Who will run Louisiana’s investigation into the Alton Sterling shooting?
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Julia O’Donoghue reports that for 10 months, it’s been known that Attorney General Jeff Landry would lead any state inquiry into the police shooting of Alton Sterling in Baton Rouge last July. While the federal government Wednesday (May 3) announced it would not bring criminal charges against the officers involved in Sterling’s death, Louisiana still has the option of doing so under state law (NOLA.com).
“It is now up to the Louisiana Department of Justice and Attorney General Jeff Landry to determine whether any state charges will be brought,” Gov. John Bel Edwards said at a press conference held less than an hour after the federal government announced it had closed the Sterling investigation (NOLA.com).
Sterling, an African American, was killed July 5 after two police officers, both white, pinned him to the ground outside the Triple S convenience store in Baton Rouge. The officers said they shot Sterling, who was over six feet tall and 300 pounds, because they were having a hard time restraining him and thought he was reaching for a gun, according to federal investigators. The federal government didn’t bring charges — they didn’t conclude the officers intended to violate Sterling’s civil rights — but they didn’t rule out the possibility that the officers were reckless or heightened the tension with Sterling when they confronted him (NOLA.com).
Though the federal government decided not to bring criminal charges based on federal civil rights laws, the state standard of proof is different. People who have worked as federal prosecutors in Louisiana said Landry might have an easier time than the U.S. Justice Department in making a case against the officers. Louisiana doesn’t have to launch an investigation into the Sterling shooting, but the attorney general indicated in a written statement that he thinks it should (NOLA.com).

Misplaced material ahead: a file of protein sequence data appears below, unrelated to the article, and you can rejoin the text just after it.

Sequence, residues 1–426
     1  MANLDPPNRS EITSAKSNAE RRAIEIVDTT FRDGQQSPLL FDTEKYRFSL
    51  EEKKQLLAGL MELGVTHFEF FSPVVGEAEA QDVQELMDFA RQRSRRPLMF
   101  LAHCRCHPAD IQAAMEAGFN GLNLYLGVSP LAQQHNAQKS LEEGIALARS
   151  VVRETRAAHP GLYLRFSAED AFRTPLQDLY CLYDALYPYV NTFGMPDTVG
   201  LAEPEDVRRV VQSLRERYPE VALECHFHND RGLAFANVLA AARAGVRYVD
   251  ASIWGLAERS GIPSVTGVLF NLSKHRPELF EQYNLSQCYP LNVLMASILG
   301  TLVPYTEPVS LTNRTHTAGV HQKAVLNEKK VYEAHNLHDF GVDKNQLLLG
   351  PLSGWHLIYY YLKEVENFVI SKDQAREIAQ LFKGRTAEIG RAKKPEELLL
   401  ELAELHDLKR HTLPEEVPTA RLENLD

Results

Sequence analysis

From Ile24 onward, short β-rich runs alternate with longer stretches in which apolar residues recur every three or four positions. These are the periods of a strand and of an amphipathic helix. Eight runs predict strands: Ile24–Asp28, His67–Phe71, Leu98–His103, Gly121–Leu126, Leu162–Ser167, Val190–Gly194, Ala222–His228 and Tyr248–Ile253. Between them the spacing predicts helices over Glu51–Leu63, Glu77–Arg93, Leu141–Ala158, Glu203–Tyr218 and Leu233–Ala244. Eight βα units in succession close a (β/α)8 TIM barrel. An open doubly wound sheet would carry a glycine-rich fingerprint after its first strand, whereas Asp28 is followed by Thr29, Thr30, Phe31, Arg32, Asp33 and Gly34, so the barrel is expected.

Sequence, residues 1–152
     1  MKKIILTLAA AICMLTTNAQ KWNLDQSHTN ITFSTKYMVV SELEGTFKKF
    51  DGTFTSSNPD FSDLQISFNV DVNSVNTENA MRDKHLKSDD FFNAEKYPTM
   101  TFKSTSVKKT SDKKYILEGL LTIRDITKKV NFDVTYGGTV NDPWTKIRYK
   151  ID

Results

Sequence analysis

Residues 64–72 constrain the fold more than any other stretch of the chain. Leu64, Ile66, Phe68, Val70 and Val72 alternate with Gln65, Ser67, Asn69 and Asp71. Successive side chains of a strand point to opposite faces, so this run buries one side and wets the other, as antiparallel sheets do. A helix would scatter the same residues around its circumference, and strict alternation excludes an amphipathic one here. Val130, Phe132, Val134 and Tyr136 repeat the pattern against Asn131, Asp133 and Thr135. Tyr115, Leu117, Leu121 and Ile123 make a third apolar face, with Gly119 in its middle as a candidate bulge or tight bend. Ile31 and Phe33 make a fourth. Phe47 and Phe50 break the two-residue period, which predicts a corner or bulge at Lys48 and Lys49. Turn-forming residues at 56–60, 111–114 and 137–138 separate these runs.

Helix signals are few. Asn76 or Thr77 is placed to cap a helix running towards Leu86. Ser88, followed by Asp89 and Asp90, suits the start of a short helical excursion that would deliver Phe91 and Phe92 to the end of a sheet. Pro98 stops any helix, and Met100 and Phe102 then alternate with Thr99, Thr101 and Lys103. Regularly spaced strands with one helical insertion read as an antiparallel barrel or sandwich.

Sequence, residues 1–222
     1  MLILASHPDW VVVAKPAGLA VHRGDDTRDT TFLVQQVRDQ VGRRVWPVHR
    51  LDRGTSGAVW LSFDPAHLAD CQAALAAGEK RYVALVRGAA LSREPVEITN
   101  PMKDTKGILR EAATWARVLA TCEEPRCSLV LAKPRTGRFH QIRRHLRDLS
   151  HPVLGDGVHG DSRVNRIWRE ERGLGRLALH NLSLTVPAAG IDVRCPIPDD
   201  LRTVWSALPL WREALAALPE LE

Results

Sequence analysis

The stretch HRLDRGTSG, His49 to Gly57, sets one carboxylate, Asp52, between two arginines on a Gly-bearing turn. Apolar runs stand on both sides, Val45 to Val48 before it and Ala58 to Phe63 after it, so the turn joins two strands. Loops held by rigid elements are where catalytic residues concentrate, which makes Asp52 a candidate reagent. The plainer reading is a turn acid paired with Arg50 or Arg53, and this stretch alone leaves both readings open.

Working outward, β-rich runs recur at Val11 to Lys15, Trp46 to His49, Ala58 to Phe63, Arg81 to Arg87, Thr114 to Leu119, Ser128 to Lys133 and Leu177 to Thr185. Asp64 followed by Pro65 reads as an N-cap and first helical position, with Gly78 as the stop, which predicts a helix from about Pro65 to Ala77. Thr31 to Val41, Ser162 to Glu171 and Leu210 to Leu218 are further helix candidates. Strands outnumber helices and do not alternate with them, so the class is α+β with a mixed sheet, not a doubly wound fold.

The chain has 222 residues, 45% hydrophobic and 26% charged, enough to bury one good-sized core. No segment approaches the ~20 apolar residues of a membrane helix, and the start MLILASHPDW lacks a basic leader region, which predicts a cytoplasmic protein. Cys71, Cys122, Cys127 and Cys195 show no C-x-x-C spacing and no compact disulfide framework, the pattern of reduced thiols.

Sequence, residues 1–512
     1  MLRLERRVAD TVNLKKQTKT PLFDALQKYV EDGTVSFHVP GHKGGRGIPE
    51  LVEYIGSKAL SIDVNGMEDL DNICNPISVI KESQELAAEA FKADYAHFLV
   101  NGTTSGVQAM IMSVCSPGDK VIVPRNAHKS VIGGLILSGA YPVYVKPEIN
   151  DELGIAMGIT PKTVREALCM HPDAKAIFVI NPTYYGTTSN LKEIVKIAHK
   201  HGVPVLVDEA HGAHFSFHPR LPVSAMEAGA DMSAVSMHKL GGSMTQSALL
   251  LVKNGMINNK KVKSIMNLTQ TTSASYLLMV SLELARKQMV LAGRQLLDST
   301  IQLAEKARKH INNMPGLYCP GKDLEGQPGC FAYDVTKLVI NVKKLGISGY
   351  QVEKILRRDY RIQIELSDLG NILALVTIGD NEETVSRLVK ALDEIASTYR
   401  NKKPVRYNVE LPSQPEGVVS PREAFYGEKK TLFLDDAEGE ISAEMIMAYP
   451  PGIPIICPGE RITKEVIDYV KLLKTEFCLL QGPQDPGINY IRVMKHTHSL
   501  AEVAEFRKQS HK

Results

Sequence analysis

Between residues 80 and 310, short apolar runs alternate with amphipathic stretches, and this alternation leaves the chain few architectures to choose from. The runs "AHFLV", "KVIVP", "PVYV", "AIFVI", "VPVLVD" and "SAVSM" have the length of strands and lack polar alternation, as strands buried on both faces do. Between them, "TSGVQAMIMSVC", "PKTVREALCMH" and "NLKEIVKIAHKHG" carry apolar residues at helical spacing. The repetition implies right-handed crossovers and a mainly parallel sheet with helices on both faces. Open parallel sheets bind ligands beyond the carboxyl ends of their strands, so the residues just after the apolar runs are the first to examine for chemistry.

“The [U.S. Department of Justice’s] review of this matter was to determine violations of federal law: specifically, federal civil rights laws. To date, this matter has not been investigated or reviewed for possible violations of the Louisiana Criminal Code,” Landry said shortly after federal officials announced they wouldn’t be bringing charges. “Therefore, this matter now needs to be investigated for possible state criminal violations.”
Yet exactly who would take charge in the investigation became a matter of dispute before the federal government even announced their findings. Landry has said he will make the final call as to whether state charges would be brought against the officer, but he wants to hand off most of the investigation to the Louisiana State Police (NOLA.com).
“In order to ensure this matter is investigated by the agency with the most expertise in officer-involved shootings – I have directed the USDOJ to securely forward their investigative materials to the Louisiana State Police (LSP) to conduct the state investigation,” Landry wrote. “And I have assigned a prosecutor from the Louisiana Department of Justice to assist” (NOLA.com).